There are many ways that people-first language is used. When it comes to disabilities, describe what a person has and not who a person is.

  • Instead of “The autistic boy”… say: “the boy who has autism”
  • Instead of “She is disabled” or “She suffers from a disability”… say: “She has a disability”

When it comes to aspects of a person’s identity, labels are adjectives and not nouns. 

  • Instead of “A gay/ A transgender”… say: “a gay person/ a transgender person”

By prioritizing people’s identities as humans above any other characteristic they may have, we are showing that we respect and see their humanity.

For examples of how to bring the IDEA concepts into practice, review the examples provided in the gsLearn course, 499 IDEA for Volunteers.


Microaggressions

Microaggressions are things we say that have a hurtful impact, even if we don’t intend to harm.  They are comments or questions that seem innocent, but stem from an assumption based on a stereotype or bias.  Microaggressions can apply to any characteristic for which a person is marginalized such as race, ethnicity, ability, gender, sexual orientation, socioeconomic status or more.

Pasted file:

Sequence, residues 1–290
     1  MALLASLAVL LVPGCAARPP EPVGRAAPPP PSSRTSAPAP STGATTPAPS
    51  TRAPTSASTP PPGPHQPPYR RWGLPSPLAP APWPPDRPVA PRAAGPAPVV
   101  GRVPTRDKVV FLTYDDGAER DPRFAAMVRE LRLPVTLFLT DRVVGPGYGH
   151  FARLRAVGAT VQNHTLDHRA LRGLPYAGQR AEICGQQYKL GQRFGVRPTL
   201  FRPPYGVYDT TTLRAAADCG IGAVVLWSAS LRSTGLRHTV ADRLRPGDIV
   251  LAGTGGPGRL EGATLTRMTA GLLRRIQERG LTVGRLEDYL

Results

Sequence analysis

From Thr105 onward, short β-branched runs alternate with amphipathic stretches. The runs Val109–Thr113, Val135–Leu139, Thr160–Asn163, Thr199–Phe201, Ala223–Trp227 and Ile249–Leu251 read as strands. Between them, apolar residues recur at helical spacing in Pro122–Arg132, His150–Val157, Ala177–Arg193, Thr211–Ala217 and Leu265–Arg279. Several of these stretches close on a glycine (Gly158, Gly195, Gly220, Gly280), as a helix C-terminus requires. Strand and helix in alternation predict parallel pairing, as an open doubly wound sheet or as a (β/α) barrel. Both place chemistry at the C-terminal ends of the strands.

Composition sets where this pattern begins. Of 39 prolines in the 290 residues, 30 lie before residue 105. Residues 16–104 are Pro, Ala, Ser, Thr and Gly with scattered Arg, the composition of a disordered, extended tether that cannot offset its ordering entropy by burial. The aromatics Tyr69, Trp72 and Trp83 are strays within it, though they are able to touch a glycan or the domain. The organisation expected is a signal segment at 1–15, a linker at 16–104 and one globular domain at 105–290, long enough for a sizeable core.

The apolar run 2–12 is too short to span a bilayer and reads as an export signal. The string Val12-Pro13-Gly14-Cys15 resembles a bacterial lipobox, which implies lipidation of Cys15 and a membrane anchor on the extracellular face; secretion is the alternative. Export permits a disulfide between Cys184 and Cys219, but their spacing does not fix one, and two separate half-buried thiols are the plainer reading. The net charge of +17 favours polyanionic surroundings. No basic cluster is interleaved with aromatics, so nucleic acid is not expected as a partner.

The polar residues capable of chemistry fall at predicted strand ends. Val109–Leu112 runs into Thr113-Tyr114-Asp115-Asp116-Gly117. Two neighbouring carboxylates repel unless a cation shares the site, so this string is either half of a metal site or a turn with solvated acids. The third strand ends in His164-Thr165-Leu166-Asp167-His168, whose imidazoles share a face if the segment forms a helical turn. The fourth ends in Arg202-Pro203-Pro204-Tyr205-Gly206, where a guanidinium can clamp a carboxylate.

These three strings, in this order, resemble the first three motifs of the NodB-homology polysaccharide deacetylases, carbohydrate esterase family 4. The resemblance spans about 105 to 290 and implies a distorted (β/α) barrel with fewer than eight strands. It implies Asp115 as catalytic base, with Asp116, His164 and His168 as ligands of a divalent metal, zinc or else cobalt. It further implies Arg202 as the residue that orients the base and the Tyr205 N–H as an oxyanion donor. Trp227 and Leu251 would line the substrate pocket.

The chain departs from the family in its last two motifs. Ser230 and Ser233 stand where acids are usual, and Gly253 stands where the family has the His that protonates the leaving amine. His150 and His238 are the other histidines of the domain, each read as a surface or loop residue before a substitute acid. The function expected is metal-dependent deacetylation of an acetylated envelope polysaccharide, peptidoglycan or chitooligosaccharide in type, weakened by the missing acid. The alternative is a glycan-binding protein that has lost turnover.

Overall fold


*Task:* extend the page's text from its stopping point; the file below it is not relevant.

Avoiding Microaggressions

Before you speak or make a comment on someone’s identity, consider your words. What are you assuming about this person, and what impact does this assumption have on their sense of belonging in a given environment?

Although we can all do our best to think before we speak and consider the context behind our words, mistakes do happen. If you believe you’ve said something that could be interpreted as a microaggression, acknowledge your error, apologize, and learn from it!

Addressing Microaggressions

There are times when you and your girls may experience or a witness a microaggression. There is no one-size-fits-all answer to responding to microaggressions, and many times it can depend on the context, and how safe you feel in a given situation. 

If the safety of you and your girls is at stake, it is best to walk away.